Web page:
The Seventh Circuit in United States v. Trudeau affirmed the criminal-contempt conviction and 10-year sentence of defendant Kevin Trudeau, who, according to the panel, "spent his career hawking miracle cures and self-improvement systems of dubious efficacy." Trudeau, whom you might recognize, was sued by the Federal Trade Commission (FTC) for violating consumer-protection laws. To settle one such suit, Trudeau entered into a consent decree, later modified, in which he agreed not to "misrepresent the content of [any] book" in infomercials. But he did. The government raised this violation with the court, which issued a show-cause order for criminal contempt with a six-month cap. Unlike for most offenses, the potential punishment for criminal contempt is limited not by statute but by the terms of the show-cause order issued by the court. In this case, that limit was six months. The case was ultimately transferred to a new judge, however, who issued a new order without any cap. He did that more than 70 days after the initial order was entered. Trudeau argued he could not be tried because of the Speedy Trial Act, which requires trial for a felony to occur within 70 days of indictment. The district court ruled the act did not apply to the initial show-cause order because it had a six-month cap. Trudeau was ultimately convicted of criminal contempt and sentenced to 10 years. On appeal, the Seventh Circuit affirmed. In doing so, it agreed the act did not apply to the initial show-cause order because of the six-month cap, but it did apply to the second show-cause order, which had no cap. Nonetheless, there was no violation because the trial was held within 70 days of the issuance of the second order.
Convicted Inside Trader Escapes "Sadistic" Captivity ... for Now
The Second Circuit has ordered convicted stock trader Doug Whitman to be released from custody in the wake of the U.S. Supreme Court's grant of certiorari in Salman v. United States. As we reported here, Salman asks the Supreme Court to determine what the government must prove to win a conviction for insider trading. Whitman sought release from custody pending the Supreme Court's ruling in that case, which he claims will have implications for his conviction. The U.S. Attorney's Office for the Southern District of New York, which prosecuted Whitman, opposed the request. At oral argument before the Second Circuit, Judge Barrington Parker said that opposing Whitman's release sounded "sadistic" to him. Unsurprisingly, the panel issued an order releasing Whitman for the time being. To read more, click here.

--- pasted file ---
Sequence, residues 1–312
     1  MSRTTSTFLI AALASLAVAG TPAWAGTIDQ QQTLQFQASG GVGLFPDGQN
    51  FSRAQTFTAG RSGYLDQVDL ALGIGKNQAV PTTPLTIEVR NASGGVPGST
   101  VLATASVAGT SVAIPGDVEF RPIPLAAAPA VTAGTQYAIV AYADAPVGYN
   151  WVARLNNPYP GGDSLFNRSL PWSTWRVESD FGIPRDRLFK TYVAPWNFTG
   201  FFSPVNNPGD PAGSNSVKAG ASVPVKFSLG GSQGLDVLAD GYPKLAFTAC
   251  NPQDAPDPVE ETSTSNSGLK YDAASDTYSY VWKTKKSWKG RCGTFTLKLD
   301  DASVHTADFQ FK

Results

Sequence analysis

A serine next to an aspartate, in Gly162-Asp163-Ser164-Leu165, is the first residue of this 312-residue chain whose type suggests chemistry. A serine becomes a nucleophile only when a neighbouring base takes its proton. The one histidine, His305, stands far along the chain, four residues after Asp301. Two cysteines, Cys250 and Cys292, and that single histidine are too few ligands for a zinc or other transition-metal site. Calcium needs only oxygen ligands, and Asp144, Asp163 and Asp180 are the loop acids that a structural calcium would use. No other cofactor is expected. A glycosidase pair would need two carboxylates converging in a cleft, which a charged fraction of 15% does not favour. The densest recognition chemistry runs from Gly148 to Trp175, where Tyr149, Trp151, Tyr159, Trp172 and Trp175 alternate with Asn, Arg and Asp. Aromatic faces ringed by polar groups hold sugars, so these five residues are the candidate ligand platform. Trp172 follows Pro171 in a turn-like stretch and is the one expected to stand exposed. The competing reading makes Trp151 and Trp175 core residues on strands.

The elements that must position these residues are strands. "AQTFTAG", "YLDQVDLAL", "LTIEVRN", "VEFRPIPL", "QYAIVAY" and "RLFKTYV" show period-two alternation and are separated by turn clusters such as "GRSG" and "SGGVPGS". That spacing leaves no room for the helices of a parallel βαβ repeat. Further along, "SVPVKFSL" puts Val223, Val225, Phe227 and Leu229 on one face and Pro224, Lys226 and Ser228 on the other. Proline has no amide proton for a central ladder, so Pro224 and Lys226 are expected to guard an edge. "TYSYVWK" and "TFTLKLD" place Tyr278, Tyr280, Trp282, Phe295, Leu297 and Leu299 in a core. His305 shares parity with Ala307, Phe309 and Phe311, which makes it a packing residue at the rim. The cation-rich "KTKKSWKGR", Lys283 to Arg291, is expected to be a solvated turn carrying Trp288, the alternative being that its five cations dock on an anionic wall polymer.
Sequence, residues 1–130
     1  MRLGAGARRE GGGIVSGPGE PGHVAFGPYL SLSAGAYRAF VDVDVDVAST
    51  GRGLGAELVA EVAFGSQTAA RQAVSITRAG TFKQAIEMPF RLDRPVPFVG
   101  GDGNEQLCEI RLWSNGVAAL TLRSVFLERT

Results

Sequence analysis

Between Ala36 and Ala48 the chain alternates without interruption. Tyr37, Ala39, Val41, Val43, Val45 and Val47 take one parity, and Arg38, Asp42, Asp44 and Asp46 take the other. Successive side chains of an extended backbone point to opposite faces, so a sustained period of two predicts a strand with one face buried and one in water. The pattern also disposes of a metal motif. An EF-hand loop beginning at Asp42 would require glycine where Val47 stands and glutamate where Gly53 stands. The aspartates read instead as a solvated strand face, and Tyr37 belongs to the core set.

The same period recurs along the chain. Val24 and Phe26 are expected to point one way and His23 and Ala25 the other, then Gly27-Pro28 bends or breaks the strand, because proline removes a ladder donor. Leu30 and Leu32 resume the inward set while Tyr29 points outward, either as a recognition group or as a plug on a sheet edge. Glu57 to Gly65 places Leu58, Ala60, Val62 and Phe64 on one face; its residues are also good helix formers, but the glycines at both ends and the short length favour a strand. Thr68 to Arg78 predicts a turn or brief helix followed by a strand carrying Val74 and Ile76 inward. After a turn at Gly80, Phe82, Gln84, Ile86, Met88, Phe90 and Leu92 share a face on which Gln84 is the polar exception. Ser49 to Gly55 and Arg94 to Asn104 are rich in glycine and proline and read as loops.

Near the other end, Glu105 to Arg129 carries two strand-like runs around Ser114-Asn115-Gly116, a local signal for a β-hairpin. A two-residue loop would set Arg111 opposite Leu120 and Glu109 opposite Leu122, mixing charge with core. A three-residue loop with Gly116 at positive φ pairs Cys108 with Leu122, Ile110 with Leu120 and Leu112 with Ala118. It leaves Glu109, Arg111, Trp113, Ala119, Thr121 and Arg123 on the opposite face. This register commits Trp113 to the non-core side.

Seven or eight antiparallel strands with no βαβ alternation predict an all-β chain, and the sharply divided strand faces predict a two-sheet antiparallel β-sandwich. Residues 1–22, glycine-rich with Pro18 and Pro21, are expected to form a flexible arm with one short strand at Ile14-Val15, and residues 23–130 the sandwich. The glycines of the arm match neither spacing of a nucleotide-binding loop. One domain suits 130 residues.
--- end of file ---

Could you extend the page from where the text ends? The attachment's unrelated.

Day Pitney Newsletter
Day Pitney Newsletter
Steven Cash authored an article, "Why Immediate Public Release of Mueller Report Would Be Bad for National Security, Politics," published by The Hill.
Day Pitney Newsletter
Day Pitney Newsletter
Steven Cash was quoted in an article, "Trump Remarks Deepen Distrust with Intelligence Community," published by The Hill.
Jed Davis was quoted in an article, "Rise Of Nation-State Hacks Doesn't Give Cos. A Free Pass," published by Law360.
DC counsel Steven Cash was quoted in an article, "Five Takeaways from Barr's New Powers in 'Spying' Probe," published by The Hill.
Former federal prosecutor Stan Twardy was featured on the RNN-TV program "Richard French Live," a nightly news talk show.
Stan Twardy was quoted in an article, "5 Things to Know About John Durham—Barr's Pick to Probe Root of Russia Investigation," published by the Connecticut Law Tribune.